The study received approval from Ruijin Hospital Ethics Committee of Shanghai Jiao Tong University School of Medicine. All patients who met the criteria for acute respiratory distress syndrome (ARDS) according to the Berlin definition were considered for study enrollment [10]. Patients were excluded if:1) they were less than< 18 years of age; 2) they had any autoimmune diseases; 3) they were on another clinical trial; 4) they had chronic respiratory ailments; Blood samples for metabolomic analysis were collected within 48 h of ARDS diagnose. Volunteers from the Health Center of the Ruijin Hospital of Shanghai Jiao Tong University School of Medicine were selected as healthy controls. Altogether, a total of 42 patients and 28 healthy controls were enrolled in this study. Blood samples that were each 2 mL in volume were collected using heparin tube from ARDS patients and healthy controls. The samples were preserved as previously described [4]. Briefly, all samples were incubated at room temperature for 30 min and then centrifuged at 500 g, 4 °C for 10 min, the supernatant is obtained and stored at − 80 °C till further use. This trial was registered with the Chinese Clinical Trial Registry under the identification number, ChiCTR1800015930.

Sample preparation

The detail of methods for sample preparation referred to previous study [11]. Briefly, 100 μL of sample was transferred to an Eppendorf (EP) tube and vortexed for 30 s with the addition of 300 μL of methanol (containing 1 μg/mL internal standard). To precipitate proteins, the sample was sonicated for 10 min in ice-water bath and incubated for 1 h at − 20 °C. The sample was then centrifuged at 12000 rpm for 15 min at 4 °C. The resulting supernatant was transferred to a fresh glass vial for analysis. The quality control (QC) sample was prepared by mixing an equal volume of aliquot from the supernatant of each sample. For targeted UHPLC-MS/MS, a 50 μL aliquot of BALF sample was transferred to an Eppendorf tube. Two hundred μL of extraction solution (acetonitrile-methanol, 1:1, and containing isotopically-labelled internal standard mixture) was added and then the samples were vortexed for 30 s, and sonicated for 5 min in ice-water bath. The samples were incubated at − 40 °C for 1 hour and centrifuged at 12000 rpm at 4 °C for 15 min. An 80 μL aliquot of the supernatant was transferred to an auto-sampler vial for UHPLC-MS/MS analysis.

Untargeted metabolomics detection by UHPLC-MS/MS

Ultra-high Pressure Liquid Chromatography-Mass Spectrum/Mass Spectrum (UHPLC-MS/MS) analysis was performed using an UHPLC system (1290, Agilent Technologies) with a UPLC HSS T3 column (2.1 mm × 100 mm, 1.8 μm) coupled to Q Exactive mass spectrometer (Orbitrap MS, Thermo). The mobile phase A was consist of positive (0.1% formic acid in water)and negative modes (5 mmol/L ammonium acetate in water). The mobile phase B was acetonitrile. The LC method used for detailed metabolite profiling with higher resolution was as follows: column temperature 35 °C, flow rate 0.5 mL/min, injected volume 3 μL. The parameters for elution gradient was as follows: 0 ~ 1.0 min, 1% B; 1.0 ~ 8.0 min, 1% ~ 99% B; 8.0 ~ 10.0 min, 99% B; 10.0 ~ 10.1 min, 99% ~ 1% B; 10.1 ~ 12 min, 1% B. The QE mass spectrometer (Orbitrap MS, Thermo) was used to acquire MS/MS spectra data under the control of the acquisition software (Xcalibur 4.0.27, Thermo). In information-dependent acquisition (IDA) mode, the acquisition software continuously evaluated the full scan MS spectrum. The ESI source conditions were set as following: sheath gas flow rate as 45 Arb, Aux gas flow rate as 15Arb, capillary temperature 400 °C, full MS resolution as 70,000, MS/MS resolution as 17,500, collision energy as 20/40/60 eV in NCE mode, spray Voltage as 4.0 kV (positive) or − 3.6 kV (negative), respectively.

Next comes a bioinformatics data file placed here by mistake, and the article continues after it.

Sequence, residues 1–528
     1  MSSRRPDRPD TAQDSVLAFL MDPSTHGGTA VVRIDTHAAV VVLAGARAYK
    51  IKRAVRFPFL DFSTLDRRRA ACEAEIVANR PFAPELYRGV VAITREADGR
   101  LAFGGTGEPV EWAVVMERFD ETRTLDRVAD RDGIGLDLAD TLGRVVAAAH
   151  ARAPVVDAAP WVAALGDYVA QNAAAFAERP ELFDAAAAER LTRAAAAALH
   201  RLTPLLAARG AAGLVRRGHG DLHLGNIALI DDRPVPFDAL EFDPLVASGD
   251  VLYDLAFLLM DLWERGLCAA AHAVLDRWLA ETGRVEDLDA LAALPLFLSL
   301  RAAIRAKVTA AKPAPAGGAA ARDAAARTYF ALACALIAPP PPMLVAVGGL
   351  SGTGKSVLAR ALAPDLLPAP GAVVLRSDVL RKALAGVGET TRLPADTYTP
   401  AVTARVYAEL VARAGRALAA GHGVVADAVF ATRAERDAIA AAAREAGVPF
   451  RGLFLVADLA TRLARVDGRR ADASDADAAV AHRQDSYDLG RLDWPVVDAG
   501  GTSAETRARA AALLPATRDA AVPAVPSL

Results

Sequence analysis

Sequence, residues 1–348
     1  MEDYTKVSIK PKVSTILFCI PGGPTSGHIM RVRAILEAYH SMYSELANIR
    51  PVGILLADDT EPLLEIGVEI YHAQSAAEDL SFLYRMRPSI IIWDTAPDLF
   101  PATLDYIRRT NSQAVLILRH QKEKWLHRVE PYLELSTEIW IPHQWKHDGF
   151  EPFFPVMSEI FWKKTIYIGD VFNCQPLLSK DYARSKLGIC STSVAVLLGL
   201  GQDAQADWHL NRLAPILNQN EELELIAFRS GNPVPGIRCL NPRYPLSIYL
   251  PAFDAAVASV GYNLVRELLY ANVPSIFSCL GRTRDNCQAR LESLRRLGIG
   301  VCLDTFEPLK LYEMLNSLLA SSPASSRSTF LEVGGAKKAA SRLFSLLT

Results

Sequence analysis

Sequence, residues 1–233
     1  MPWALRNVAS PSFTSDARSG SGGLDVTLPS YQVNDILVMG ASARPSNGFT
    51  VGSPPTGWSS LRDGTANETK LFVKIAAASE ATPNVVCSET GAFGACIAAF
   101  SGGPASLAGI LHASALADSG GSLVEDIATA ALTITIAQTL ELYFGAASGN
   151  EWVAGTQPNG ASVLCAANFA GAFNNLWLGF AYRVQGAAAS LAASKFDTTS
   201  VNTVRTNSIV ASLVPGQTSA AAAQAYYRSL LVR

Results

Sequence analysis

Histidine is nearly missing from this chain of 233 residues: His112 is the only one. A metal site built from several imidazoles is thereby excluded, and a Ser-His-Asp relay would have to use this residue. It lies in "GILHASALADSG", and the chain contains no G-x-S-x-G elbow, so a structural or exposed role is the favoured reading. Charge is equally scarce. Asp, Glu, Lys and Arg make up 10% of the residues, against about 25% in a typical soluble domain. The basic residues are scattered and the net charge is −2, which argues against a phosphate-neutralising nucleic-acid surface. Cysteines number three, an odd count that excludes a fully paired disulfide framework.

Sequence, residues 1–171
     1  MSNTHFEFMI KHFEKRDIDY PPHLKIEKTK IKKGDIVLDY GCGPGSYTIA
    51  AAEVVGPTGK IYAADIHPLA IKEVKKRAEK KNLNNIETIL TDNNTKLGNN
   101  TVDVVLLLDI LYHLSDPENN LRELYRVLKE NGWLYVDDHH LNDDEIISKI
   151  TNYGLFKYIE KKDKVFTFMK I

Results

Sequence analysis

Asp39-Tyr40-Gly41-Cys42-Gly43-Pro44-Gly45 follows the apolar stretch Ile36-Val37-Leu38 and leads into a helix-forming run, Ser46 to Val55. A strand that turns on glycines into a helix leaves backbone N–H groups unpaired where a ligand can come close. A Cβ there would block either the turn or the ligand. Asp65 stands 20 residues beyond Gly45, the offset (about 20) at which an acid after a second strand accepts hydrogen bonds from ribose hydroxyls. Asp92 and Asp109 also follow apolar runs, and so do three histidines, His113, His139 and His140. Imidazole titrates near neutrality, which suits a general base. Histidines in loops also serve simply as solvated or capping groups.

Targeted amino acids detection by UHPLC-MS/MS

To prepare the Standard Solution Preparation, stock solutions were prepared by dissolving or diluting each standard substance to a final concentration of 10 mmol/L. An aliquot of the stock solutions was transferred to a 10 mL flask to form a mixed working standard solution. A series of calibration standard solutions were then prepared by stepwise dilution of this mixed standard solution (containing isotopically-labelled internal standard mixture in identical concentrations with the samples). The UHPLC system used was the same as described above, equipped with a Waters ACQUITY UPLC BEH Amide column. An Agilent 6460 triple quadrupole mass spectrometer (Agilent Technologies), equipped with an AJS electrospray ionization (AJS-ESI) interface, was applied for assay development. The MRM parameters for each of the targeted analytes were optimized using flow injection analysis. Several most sensitive transitions were used in the MRM scan mode to optimize the collision energy for each Q1/Q3 pair. Among the optimized MRM transitions per analyte, the Q1/Q3 pairs that showed the highest sensitivity and selectivity were selected as ‘quantifier’ for quantitative monitoring. The additional transitions acted as ‘qualifier’ for the purpose of verifying the identity of the target analytes. Agilent Mass Hunter Work Station Software (B.08.00, Agilent Technologies) was employed for MRM data acquisition and processing.